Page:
Why local churches suck in inner city housing schemes

Why local churches suck in inner city housing schemes

by Andy Constable

The local church is the hope for the world. It’s God’s primary means for reaching the lost. However it is seriously floundering in housing schemes across the UK and I’m sure across the world. And there are a number of reasons why.

Firstly, there is simply a lack of Christians committing to living and working in places like Niddrie. Much of it is messy, ugly and a far cry away from the middle-class dream of a leafy suburb. It’s not the kind of place you’d imagine bringing up your children. Life is chaotic and violence is common. Many people tend to prefer to plant churches in the student-y, middle class areas where it seems that relationships and church would run more easily.

Many churches that do exist in these areas have also failed to invest in leaders in local communities. A person from a ‘poorer’ area who has become a Christian is often wheeled out for testimonies and events but few are discipled and trained to be local leaders. A person from this kind of area who becomes a Christian is like a rough diamond. They need a lot of support, patience, love and investment that requires hard graft and persistence.

A fundamental difficulty however lies deeper  – in theology – with many churches having very little doctrinal basis. This may be because often it is ‘weaker’ pastors who are sent to these areas, who may well not be properly equipped in their own understanding of doctrine, or at least unable to communicate it effectively. It may be because it can be a challenge to communicate some of the more complicated doctrinal truths to people who perhaps struggle with literacy or have dropped out of school, meaning churches have tended to abandon trying to share these. This is a fundamental error – if there is no biblical basis then you won’t be able to move people on from milk to solid food and they will be blown around by every kind of doctrine. Paul writes in Ephesians 4:11-14- And he gave the apostles, the prophets, the evangelists, the shepherds and teachers, to equip the saints for the work of ministry, for building up the body of Christ, until we all attain to the unity of the faith and of the knowledge of the Son of God, to mature manhood, to the measure of the stature of the fullness of Christ, so that we may no longer be children, tossed to and fro by the waves and carried about by every wind of doctrine, by human cunning, by craftiness in deceitful schemes.” They won’t know what they believe and then they won’t be able to pass it on to others. It is therefore crucial that church leaders know their doctrine soundly, so that they may be able to explain it concisely and simply to their listeners.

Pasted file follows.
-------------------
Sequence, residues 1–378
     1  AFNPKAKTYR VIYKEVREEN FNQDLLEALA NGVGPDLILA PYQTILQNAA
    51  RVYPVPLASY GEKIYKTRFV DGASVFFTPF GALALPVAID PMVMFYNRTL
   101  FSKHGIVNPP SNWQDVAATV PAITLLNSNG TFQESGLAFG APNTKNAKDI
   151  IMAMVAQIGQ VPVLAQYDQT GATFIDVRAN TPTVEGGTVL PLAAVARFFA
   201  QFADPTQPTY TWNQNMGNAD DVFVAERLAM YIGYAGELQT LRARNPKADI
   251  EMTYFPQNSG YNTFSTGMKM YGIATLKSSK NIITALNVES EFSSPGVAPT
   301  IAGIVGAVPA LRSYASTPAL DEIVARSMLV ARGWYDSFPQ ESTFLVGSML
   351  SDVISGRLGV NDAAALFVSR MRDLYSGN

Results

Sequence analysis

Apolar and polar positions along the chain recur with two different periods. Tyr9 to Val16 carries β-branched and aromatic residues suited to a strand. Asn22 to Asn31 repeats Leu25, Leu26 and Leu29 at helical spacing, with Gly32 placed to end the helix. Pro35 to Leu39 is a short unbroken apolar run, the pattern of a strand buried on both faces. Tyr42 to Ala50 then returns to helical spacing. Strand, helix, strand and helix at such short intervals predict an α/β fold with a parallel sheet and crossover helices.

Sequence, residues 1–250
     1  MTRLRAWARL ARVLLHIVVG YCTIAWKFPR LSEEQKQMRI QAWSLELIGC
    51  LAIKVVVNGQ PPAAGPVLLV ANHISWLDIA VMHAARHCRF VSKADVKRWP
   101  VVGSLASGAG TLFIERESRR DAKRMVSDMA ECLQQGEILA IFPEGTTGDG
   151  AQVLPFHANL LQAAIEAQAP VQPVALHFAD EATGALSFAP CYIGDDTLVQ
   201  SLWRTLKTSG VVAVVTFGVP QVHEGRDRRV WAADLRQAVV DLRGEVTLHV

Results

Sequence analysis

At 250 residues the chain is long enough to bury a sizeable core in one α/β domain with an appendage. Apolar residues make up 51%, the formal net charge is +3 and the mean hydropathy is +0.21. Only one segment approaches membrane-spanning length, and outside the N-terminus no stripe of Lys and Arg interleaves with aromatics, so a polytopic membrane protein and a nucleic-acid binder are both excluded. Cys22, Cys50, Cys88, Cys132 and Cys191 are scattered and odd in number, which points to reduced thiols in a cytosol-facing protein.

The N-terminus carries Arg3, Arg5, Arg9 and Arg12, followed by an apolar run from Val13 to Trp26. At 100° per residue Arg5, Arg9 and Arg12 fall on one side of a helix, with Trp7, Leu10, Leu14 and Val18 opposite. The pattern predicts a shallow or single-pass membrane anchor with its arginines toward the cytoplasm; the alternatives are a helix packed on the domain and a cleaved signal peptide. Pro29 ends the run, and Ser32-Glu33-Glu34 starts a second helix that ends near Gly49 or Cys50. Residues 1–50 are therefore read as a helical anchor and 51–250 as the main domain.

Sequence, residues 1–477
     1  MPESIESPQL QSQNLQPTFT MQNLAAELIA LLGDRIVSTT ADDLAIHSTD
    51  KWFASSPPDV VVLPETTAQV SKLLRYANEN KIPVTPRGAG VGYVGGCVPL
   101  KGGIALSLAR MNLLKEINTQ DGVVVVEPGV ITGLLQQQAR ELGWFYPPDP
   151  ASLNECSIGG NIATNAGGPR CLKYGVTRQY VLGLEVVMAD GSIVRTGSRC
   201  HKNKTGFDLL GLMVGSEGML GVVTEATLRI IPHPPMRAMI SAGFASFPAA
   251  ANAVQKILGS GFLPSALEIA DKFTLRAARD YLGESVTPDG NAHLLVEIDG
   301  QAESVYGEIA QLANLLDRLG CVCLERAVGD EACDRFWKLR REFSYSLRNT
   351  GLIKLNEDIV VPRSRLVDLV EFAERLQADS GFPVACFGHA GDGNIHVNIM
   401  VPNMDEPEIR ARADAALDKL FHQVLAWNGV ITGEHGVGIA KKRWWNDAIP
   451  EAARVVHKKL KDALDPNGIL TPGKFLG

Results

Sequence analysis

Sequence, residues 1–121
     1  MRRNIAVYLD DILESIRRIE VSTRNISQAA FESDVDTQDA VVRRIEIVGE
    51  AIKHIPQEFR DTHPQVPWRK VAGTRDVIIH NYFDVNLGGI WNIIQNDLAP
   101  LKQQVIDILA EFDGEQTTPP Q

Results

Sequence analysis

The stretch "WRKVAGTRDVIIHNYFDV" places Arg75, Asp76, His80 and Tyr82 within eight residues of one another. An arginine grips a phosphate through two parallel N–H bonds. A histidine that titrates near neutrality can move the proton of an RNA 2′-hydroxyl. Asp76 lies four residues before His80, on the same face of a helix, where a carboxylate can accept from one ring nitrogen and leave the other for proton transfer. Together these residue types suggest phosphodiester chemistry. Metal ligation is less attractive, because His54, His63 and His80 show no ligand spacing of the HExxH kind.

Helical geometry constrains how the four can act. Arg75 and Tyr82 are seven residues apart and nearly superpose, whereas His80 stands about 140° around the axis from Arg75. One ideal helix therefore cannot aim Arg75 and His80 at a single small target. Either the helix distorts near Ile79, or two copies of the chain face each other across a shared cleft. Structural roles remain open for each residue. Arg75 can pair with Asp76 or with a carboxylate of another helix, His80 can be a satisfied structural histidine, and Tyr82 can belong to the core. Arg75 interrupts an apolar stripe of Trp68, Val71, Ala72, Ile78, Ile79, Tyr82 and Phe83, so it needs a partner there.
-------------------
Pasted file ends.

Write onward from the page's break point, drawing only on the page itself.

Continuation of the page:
Often the only churches that have invested heavily in these areas are the more Pentecostal churches which tend to be spot-on when preaching the gospel and raising indigenous leaders but often place less of an emphasis on long term discipleship. They tend to get a spurt of converts, train up one leader from among those new converts and then leave them to look after the church. These leaders are left with little support and the churches often end up splitting very quickly. These in turn split again and again leaving an area with half a dozen churches fighting over all sorts of different doctrinal issues usually masking a power struggle underneath or personal differences.

Finally, local churches don’t look for long-term impact. The local church should offer long-term spiritual and physical support to the people. We are very privileged to have a church that has been in Niddrie for over a hundred years. It is well known and respected in the area. People have worshipped, lived and served in this area for many years. And we will continue to serve the children, their parents and bury the dead. That kind of witness can’t be bought over night. A church that works in Leeds has the tagline ‘caring for life’. They promise to anyone who comes through their doors that they will care for that person for the rest of their life. They have a farm for people with learning difficulties, a place to house prostitutes and recovering addicts, a ‘back to work project’ and many other things. They are going to be in that city and community long-term to care for people. Churches have failed to do this caring for life thing but it must be done for the work of the gospel in estate like areas.

A result of this breakdown in the ministry of local churches has meant that they tend to leave the hard work to para-church organisations. Para’s often respond to areas that the local church is lacking and in the last 50 years that has meant the ‘poor’. This has meant that local churches have relied heavily on para’s to do the tough work that it doesn’t do. Para’s do a lot of great work and I know some amazing people working for organisations with great vision. But para’s need to watch that they are not disempowering the church from doing their work but supporting and equipping them. Any para-church organisation that doesn’t work alongside the church or seek to help the church is unbiblical. Rather, it should be a means of channelling people into a local church where they can be invested in, discipled in, equipped in, and in turn begin to serve within their community.

Lets pray for a revival in inner city areas. Pray for leaders who work there to be gospel centred, bible saturated with a long-term, enduring vision. Pray that more leaders would be sent into the vineyard. Pray that there would be a local church in every inner city housing scheme across the UK and the world holding out the only hope for this world – Jesus Christ.